“Alambrista!” (“The Illegal”) is filmmaker Robert M. Young’s portrait of a Mexican farm worker’s journey across the border into California. Young’s film is an unflinching account of one man’s journey and is a refreshing change to far too many pessimistic accounts of illegal immigrants seen as roaches on the North American landscape.
“Alambrista!” was made for television in 1978 and one could argue at a more questioning time in the US. It is doubtful that this kind of story would be made today in this vacuous contemporary culture of celebrity adoration and “reality” TV. But what makes “Alambrista!” and all of Young’s work special is his beautiful cinematography coupled with genuine story telling that put him in the class of his European counterparts Werner Herzog and Wim Wenders.
Roberto (Domingo Ambriz) leaves his peaceful life in Mexico and journeys to California only to discover that for him it is hardly the land of opportunity. His journey is never sentimental and it is only time before he throws in the towel and returns home. But before he does we watch him learn how to act like an American. He meets Joe (Trinidad Silva), who gives him a lesson in how to walk into a café and order American food. Roberto inevitably meets a waitress (Linda Gillan) who serves as padding for his double life –he already has a wife in Mexico. It is Sharon who helps him with the every day machinery of living in a foreign country, yet despite this assimilation Roberto will always be a foreigner.
By taking on the California Coastal Commission head on, this riveting and intelligent documentary from Richard Oshen exposes the archaic and unbending rules of power on the lives of ordinary homeowners.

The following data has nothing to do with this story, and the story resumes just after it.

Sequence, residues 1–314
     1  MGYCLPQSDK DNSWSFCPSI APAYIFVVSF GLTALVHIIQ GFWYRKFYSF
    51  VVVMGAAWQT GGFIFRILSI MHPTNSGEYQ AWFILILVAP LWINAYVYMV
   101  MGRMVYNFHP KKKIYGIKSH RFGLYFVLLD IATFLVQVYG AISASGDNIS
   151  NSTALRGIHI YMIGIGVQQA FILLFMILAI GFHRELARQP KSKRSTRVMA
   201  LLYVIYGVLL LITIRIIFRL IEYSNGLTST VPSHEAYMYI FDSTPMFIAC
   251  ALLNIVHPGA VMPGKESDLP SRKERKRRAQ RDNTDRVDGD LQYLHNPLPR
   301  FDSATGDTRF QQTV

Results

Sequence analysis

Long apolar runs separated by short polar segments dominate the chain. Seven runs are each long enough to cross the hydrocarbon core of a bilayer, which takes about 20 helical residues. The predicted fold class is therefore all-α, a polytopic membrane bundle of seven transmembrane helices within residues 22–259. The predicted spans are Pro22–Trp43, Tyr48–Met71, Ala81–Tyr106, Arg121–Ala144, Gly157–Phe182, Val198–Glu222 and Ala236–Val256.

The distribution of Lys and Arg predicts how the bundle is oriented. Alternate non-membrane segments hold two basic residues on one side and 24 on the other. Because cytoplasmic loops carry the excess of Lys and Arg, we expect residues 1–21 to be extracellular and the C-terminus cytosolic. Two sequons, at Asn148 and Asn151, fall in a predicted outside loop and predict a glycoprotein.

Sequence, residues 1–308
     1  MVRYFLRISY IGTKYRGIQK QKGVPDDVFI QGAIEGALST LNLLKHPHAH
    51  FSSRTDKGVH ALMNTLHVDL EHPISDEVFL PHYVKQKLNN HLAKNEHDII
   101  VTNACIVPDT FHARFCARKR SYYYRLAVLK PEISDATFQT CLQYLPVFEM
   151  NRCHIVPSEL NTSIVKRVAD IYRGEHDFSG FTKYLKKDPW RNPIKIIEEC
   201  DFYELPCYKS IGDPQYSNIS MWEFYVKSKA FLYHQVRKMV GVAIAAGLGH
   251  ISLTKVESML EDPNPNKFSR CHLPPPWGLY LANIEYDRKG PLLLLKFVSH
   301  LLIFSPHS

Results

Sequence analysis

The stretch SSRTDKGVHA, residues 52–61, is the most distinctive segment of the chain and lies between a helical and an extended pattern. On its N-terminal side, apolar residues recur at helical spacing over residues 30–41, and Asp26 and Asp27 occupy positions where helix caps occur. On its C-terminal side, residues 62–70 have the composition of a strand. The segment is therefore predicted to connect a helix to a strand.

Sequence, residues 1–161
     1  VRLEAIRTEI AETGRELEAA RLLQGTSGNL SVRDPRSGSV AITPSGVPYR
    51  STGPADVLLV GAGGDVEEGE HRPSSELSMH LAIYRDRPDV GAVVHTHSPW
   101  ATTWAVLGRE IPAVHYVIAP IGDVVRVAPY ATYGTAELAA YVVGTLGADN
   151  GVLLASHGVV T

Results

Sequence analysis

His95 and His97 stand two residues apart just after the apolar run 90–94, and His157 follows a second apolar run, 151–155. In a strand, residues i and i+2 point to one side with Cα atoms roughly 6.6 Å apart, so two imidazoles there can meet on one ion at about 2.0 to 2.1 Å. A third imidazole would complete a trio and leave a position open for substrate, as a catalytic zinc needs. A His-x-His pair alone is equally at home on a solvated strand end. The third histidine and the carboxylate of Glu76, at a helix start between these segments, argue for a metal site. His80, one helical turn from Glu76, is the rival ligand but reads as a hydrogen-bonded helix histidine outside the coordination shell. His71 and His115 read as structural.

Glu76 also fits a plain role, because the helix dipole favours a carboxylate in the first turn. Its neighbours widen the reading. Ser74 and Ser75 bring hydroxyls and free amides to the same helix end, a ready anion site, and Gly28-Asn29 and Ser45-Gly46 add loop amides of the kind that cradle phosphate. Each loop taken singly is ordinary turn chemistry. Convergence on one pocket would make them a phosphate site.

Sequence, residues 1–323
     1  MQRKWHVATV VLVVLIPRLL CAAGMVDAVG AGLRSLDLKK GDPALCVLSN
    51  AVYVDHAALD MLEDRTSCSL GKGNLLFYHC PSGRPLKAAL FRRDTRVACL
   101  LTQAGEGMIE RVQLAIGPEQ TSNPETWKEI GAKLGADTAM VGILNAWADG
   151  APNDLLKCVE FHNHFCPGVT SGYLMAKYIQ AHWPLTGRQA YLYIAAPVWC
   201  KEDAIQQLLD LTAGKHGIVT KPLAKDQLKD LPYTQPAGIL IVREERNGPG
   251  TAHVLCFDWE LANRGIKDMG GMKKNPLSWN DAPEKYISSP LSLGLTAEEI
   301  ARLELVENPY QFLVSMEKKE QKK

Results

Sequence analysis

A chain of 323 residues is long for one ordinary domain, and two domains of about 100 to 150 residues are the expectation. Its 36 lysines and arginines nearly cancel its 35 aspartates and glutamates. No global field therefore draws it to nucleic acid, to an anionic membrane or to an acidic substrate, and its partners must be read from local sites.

The story unfolds naturally as we first sympathize with the rule makers in preventing the destruction of habitat by homeowners until the CCC quite remarkably shoot themselves in the foot as dogmatic rules and corruption unfold. The film shows all sides with interviews from couples that have fought the CCC for years, ex CCC staff that believe in the Commission but not their strict laws, and the Commissioners themselves who are absolute and unwavering.
No one is denying the purpose of a commission that protects Southern California’s rich landscape. Oshen’s film dares to question authority and in doing so ignites the kind of investigative journalism that has been sadly missing during Bush years.
Sins of Commission
Directed by Richard Oshen
The Ventura Film Festival’s opening reception at the Elk Lodge was packed to the rafters last night as Ventura’s film community, sponsors, and fans enjoyed a night of music, food, and drinks before the festival’s premier showing of local documentary “Thy Will Be Done.”
The festival director, Lorenzo DeStefano, welcomed the community and special guest independent filmmaker Robert M. Young, whose body of work is being honored throughout this four-day event.
Tonight’s tribute to influential independent filmmaker Robert M. Young includes the documentary “An Independent Portrait” by Jose Muniain and Young’s feature “Alambrista.”
The Ventura Film Festival
The Elks Lodge
11 South Ast St. Ventura, CA 93001
From March 26-29
The Ventura Film Festival kicked off last night with a powerhouse of a documentary “Thy Will Be Done” from first time filmmaker Jacob Cunningham. The documentary tells the story of Kevin Natale’s drastic life change at the age of 14 when his clinically depressed neighbor shot Natale and left him quadriplegic. The film is a testament to Natale’s strength and of his loving family who continue to support and love him. Cunningham gives equal measure to all involved in this tragedy -the strength in unity of Natale’s mother and sister and their forgiveness of Joyce Adams, the mother of the shooter. Consequently our pity lies not with the Natale family but with Joyce Adams tortured soul.
The Ventura Film Festival
The Elks Lodge
11 South Ast St. Ventura, CA 93001
From March 26-29
The first Ventura Film Festival runs from March 26-29. Under the tag line “Real People, True Stories, New Cinema, the festival intends to showcase an eclectic mix of cinema and new media that pertains to art and community rather than glamour and glitz. Erick Zonca’s “Julia” staring British avante garde muse and Oscar winner Tilda Swinton gets its first US screening and there’s a retrospective of filmmaker Robert M. Young whose body of work includes “Dominick & Eugene” and “Short Eyes.”